story time: the king’s ankus

These are the Four that are never content, that have never been filled since the Dews began — Jacala’s mouth, and the glut of the Kite, and the hands of the Ape, and the Eyes of Man.

— Jungle Saying.                                      

THE KING’S ANKUS 

Kaa, the big Rock Python, had changed his skin for perhaps the two-hundredth time since his birth; and Mowgli, who never forgot that he owed his life to Kaa for a night’s work at Cold Lairs, which you may perhaps remember, went to congratulate him. Skin-changing always makes a snake moody and depressed till the new skin begins to shine and look beautiful.

(click here to continue…)

The tale of The King’s Angkus is one of my all time favorite stories by one of my heroes, the great Rudyard Kipling, and clear inspiration behind many of my own short stories.

you must embrace failure

I really enjoy Harold Hollingsworth’s blog. He is a painter and a very good friend of a very good friend. I often feel like I’ve seen the world from a different angle after reading one of his posts. This one from a couple of weeks ago is one of my favorites.

” ‘A characteristic of artistic education is for people to tell you that you’re a genius. […] So everybody gets this idea, if you go to art school, that you’re really a genius. Sadly, it isn’t true. Genius occurs very rarely. So the real embarrassing issue about failure is your own acknowledgement that you’re not a genius, that you’re not as good as you thought you were. […] There’s only one solution: You must embrace failure. You must admit what is. You must find out what you’re capable of doing, and what you’re not capable of doing. That is the only way to deal with the issue of success and failure because otherwise you simply would never subject yourself to the possibility that you’re not as good as you want to be, hope to be, or as others think you are.’

-Milton Glaser”

 

how boring!

” ‘And did their happiness last?’ I asked.

‘Yes, she cofessed that from the first day she saw Pechorin, he often visited her dreams and that never has a man made such an impression on her. Yes, they were happy!’

‘How boring!’ I exclaimed without meaning to. I had really been expecting a tragic outcome, and suddenly my hopes were unexpectedly dashed!”

-A Hero of Our Time, Mikhail Lermontov

And that, my friends, is why I heart Russian lit.

so that’s how we live our lives

“No matter how deep and fatal the loss, no matter how important the thing that’s stolen from us – that’s snatched right out of our hands – even if we are left completely changed, with only the outer layer of skin from before, we continue to play out our lives this way, in silence.”

-From The Sputnik Sweetheart, by Haruki Murakami

It’s not his best book, but Murakami made some of his best observations in this one. It resonated. It’s a good read for savoring the bittersweetness of love lost.

i cannot over-emphasize enough the insignificance of our opinion

“Dear Mr. Gold:

Thank you very much for the recent submission of your poetry chapbook, Notes on an Orange Burial. While we appreciate the effort that went into your work, we will not be able to accept it for publication at this time. Please do not be overly discouraged by this news, as we are a rather unimportant publishing company that more often than not is unable to distinguish between an inspired piece of verse and bar-room limerick featuring scatlogical leitmotifs. I cannot over-emphasize enough the insignificance of our opinion, and hope that you realize how talented you truly are.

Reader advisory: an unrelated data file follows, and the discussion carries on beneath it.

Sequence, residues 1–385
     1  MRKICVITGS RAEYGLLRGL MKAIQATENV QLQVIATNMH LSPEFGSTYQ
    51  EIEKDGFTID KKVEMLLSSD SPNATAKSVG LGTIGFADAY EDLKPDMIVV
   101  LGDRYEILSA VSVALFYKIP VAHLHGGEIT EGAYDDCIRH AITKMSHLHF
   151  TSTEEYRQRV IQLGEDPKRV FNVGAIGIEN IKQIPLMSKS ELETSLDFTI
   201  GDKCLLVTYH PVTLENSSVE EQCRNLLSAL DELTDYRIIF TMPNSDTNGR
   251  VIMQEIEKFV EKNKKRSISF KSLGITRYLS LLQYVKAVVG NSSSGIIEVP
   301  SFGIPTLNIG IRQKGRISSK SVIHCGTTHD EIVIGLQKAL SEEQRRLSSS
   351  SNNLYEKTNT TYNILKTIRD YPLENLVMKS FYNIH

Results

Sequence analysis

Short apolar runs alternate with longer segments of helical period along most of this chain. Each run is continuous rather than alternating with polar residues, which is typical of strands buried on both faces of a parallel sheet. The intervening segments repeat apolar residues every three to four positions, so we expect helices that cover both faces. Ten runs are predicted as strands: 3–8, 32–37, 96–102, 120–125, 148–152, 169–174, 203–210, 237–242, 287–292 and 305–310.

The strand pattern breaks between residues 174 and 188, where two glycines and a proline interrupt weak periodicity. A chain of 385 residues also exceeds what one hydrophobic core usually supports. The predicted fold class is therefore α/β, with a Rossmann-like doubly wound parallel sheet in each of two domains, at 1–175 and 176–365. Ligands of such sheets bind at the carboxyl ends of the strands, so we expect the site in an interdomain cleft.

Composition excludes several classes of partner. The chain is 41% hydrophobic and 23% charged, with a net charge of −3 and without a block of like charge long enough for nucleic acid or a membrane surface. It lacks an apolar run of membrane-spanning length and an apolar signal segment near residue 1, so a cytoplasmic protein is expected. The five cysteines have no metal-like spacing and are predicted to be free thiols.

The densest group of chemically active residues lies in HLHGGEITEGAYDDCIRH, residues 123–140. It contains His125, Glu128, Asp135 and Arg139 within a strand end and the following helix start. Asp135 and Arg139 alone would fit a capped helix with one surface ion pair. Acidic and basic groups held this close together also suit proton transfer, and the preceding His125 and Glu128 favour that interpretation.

We at BlackStone recommend that you do not rip up this rejection letter in anger. We feel it would be much wiser for you to wait until you are deservedly offered the post of U.S. Poet Laureate some day in the not too distant future, and then to urinate directly on this letter in front of close friends and family at your acceptance celebration.

Once again, thank you for thinking of BlackStone Publishers. And remember, our entire editorial staff is inbred.

Regards,

Robert Gluck

Senior Editor

The above letter, oddly enough, contains not the words written by its sender, Robert gluck, but rather the words interpreted by its receiver, Jona Gold. In fact, I now ask that you kindly forget Mr. Gluck entirely, for neither his name nor even his shadow appear again in this book. Mr. Gold, on the other hand, is just arriving.”

-Greg Levin, Notes on an Orange Burial

I have thought of this opening passage from an authonomy.com book many times over the last year while the bone dry rejection letters have been rolling in. I wish agents did have a sense of humor.

I’m so excited to see that Notes on an Orange Burial has been picked up by a publisher and will be available on US shelves on October 1, 2011. Way to go, Greg!

get the tone right and you have a true story on your hands

When you listen to somebody’s story and then try to reproduce it in writing, the tone’s the main thing. Get the tone right and you have a true story on your hands. Maybe some of the facts aren’t quite correct, but that doesn’t matter – it actually might elevate the truth factor of the story. Turn this around, and you could say there’re stories that are factually accurate yet aren’t true at all.

-Haruki Murakami, Blind Willow, Sleeping Woman